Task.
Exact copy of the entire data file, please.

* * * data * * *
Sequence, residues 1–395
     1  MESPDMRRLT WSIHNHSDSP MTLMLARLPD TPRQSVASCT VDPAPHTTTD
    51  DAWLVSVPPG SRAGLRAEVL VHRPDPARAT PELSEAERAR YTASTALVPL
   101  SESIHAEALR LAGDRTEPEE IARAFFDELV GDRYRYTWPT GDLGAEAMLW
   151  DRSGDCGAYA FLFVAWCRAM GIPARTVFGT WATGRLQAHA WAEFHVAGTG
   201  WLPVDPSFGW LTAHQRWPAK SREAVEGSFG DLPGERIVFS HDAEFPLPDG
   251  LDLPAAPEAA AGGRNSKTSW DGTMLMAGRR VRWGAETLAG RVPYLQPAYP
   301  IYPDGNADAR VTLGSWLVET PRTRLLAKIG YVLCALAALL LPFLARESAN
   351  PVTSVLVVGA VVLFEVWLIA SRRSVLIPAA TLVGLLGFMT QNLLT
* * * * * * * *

Sequence, residues 1–395
     1  MESPDMRRLT WSIHNHSDSP MTLMLARLPD TPRQSVASCT VDPAPHTTTD
    51  DAWLVSVPPG SRAGLRAEVL VHRPDPARAT PELSEAERAR YTASTALVPL
   101  SESIHAEALR LAGDRTEPEE IARAFFDELV GDRYRYTWPT GDLGAEAMLW
   151  DRSGDCGAYA FLFVAWCRAM GIPARTVFGT WATGRLQAHA WAEFHVAGTG
   201  WLPVDPSFGW LTAHQRWPAK SREAVEGSFG DLPGERIVFS HDAEFPLPDG
   251  LDLPAAPEAA AGGRNSKTSW DGTMLMAGRR VRWGAETLAG RVPYLQPAYP
   301  IYPDGNADAR VTLGSWLVET PRTRLLAKIG YVLCALAALL LPFLARESAN
   351  PVTSVLVVGA VVLFEVWLIA SRRSVLIPAA TLVGLLGFMT QNLLT